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EEOC Critical of NLRB’s Investigation Confidentiality Concerns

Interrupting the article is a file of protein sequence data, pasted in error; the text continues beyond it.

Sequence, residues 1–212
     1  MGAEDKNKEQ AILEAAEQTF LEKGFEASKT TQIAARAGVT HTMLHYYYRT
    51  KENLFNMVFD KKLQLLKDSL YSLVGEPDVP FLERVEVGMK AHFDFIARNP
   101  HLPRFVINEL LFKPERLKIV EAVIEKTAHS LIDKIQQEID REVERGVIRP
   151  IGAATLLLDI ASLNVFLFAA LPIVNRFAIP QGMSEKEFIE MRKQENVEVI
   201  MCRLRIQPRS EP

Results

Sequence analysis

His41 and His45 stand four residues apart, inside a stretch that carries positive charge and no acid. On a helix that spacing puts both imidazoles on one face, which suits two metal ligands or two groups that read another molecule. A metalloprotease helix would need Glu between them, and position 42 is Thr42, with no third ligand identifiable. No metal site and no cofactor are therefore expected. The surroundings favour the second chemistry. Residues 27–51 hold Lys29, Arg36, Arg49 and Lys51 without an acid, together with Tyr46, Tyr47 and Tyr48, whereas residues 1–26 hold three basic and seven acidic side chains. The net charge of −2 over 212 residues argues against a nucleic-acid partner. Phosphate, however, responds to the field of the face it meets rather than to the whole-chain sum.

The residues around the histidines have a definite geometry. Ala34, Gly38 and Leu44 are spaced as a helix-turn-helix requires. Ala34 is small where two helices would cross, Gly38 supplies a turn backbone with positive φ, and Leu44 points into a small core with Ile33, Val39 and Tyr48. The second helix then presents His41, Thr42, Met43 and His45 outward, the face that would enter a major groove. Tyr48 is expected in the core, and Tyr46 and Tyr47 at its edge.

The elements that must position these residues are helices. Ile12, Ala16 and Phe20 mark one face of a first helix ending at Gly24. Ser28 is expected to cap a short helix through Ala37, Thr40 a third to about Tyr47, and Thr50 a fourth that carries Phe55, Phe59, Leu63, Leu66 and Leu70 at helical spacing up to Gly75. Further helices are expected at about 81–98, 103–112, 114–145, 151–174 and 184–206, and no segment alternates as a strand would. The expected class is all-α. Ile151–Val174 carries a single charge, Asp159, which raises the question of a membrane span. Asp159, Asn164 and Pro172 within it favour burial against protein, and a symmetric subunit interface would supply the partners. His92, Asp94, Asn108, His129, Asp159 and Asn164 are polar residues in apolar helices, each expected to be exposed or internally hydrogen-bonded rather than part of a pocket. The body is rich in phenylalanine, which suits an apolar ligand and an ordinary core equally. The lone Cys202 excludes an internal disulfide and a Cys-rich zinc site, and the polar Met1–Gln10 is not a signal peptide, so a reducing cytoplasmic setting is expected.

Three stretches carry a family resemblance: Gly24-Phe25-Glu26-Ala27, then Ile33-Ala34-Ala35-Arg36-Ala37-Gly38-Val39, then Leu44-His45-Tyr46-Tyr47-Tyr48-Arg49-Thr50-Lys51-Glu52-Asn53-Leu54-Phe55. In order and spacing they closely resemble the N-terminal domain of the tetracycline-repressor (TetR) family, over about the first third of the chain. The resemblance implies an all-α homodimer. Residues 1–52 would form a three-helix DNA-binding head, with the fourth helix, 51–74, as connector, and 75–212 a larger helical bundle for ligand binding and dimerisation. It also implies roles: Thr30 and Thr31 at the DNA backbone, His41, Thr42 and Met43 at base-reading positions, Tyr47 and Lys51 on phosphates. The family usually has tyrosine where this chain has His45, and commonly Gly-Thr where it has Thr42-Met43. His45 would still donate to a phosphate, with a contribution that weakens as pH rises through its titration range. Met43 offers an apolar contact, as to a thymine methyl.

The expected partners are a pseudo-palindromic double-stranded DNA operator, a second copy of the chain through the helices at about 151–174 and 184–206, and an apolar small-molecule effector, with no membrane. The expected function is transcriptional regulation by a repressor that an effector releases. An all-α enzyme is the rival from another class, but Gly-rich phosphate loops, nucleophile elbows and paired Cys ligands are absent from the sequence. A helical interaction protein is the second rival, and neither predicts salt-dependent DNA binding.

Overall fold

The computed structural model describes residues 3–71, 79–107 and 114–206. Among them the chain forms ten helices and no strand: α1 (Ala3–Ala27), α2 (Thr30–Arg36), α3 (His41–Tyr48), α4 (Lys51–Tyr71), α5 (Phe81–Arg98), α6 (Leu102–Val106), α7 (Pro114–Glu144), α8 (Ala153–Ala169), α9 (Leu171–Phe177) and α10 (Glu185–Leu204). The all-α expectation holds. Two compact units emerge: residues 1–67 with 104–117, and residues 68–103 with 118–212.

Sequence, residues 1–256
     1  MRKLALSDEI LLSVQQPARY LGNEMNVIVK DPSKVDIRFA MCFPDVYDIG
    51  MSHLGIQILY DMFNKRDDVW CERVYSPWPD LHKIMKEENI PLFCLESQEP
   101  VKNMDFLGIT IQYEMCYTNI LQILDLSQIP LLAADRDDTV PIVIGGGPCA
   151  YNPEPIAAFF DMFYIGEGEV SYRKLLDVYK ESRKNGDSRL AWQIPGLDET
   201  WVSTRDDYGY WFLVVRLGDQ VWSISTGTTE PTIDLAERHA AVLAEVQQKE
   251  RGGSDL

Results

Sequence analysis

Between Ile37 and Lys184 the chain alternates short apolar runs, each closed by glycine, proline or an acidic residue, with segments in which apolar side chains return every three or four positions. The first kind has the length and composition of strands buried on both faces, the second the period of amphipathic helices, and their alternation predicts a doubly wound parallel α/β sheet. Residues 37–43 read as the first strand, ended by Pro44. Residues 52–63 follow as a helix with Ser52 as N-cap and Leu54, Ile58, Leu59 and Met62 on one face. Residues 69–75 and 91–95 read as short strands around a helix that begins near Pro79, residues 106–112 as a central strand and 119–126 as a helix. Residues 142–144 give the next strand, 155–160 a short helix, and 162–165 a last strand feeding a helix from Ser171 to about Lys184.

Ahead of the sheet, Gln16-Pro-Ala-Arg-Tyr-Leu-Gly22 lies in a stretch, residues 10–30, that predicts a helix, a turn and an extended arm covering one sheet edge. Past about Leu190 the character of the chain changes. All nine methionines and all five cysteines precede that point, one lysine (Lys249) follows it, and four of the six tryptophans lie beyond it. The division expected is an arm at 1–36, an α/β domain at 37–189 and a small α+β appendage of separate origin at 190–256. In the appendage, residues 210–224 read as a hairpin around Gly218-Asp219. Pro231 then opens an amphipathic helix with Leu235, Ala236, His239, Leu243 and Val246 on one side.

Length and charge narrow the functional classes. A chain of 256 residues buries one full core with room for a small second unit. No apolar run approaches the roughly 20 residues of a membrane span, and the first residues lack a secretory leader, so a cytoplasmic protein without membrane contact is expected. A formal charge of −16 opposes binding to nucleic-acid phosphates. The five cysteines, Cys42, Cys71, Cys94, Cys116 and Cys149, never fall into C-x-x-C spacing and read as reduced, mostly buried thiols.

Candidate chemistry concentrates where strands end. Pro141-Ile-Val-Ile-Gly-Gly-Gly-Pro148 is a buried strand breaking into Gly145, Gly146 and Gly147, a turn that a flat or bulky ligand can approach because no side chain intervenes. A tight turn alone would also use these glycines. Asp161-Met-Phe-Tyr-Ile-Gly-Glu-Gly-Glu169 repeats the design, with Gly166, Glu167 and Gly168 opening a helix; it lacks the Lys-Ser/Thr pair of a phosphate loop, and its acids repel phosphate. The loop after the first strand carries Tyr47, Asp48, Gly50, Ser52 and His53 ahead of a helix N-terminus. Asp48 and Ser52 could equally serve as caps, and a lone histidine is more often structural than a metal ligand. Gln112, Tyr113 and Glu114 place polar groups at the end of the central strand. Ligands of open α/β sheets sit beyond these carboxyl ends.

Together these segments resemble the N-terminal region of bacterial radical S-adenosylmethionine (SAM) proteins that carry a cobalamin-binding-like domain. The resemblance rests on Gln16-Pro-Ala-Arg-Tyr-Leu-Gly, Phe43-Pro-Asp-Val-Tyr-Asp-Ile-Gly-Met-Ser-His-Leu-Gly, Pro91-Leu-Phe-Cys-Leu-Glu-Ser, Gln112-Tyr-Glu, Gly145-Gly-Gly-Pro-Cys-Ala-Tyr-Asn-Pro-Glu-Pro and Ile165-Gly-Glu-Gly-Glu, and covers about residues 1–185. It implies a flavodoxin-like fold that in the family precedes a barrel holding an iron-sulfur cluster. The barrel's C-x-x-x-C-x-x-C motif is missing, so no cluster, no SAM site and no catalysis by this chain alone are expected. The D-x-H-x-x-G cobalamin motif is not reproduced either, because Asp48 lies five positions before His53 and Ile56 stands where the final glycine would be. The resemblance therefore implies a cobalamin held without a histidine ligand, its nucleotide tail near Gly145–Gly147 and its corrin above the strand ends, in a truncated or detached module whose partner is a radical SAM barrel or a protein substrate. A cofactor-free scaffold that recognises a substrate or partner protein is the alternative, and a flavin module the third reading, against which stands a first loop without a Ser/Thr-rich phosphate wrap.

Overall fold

An Equal Employment Opportunity Commission (EEOC) task force has released a comprehensive report on its 18-month study on the issue of harassment in the workplace. The Select Task Force on the Study of Harassment in the Workplace consisted of a select group of outside experts impaneled to examine harassment in the workplace and was co-chaired by two current EEOC Commissioners, Chai Feldblum and Victoria Lipnic. They recently published the “Report of the Co-Chairs of the EEOC Select Task Force on the Study of Harassment in the Workplace.” There is much useful information in the 95-page report, including detailed recommendations for employers of all sizes on compliance, training and internal complaint mechanisms. Of particular note, however, was reference to the National Labor Relations Board’s (NLRB) position critical of employer policies that seek to promote confidentiality of workplace harassment investigations. For example, see the board’s Banner Health System case, 358 NLRB No. 93 (July 30, 2012), and the NLRB general counsel’s Advice Memorandum dated Jan. 29, 2013. Generally speaking, the board takes the position that employer blanket policies seeking to promote confidentiality of investigations infringe on employee Section 7 rights. Employers must determine on a case by case basis whether in a given investigation witnesses need protection, evidence is in danger of being destroyed, testimony is in danger of being fabricated, or there is a need to prevent a cover up.  A copy of the GC’s Advice Memorandum can be found here. The EEOC’s Joint Task Force noted in the report the strong comments it received about the NLRB’s position: “We heard strong support for the proposition that workplace investigations should be kept as confidential as is possible, consistent with conducting a thorough and effective investigation. We heard also, however, that an employer’s ability to maintain confidentiality – specifically, to request that witnesses and others involved in a harassment investigation keep all information confidential – has been limited in some instances by decisions of the National Labor Relations Board (“NLRB”) relating to the rights of employees to engage in concerted, protected activity under the National Labor Relations Act (“NLRA”). In light of the concerns we have heard, we recommend that EEOC and NLRB confer and consult in a good faith effort to determine what conflicts may exist, and as necessary, work together to harmonize the interplay of federal EEO laws and the NLRA.” It bears watching to see if EEOC follows through on its own recommendation to start a dialogue with NLRB in an effort to solve the tension between the two agencies’ positions on this issue.


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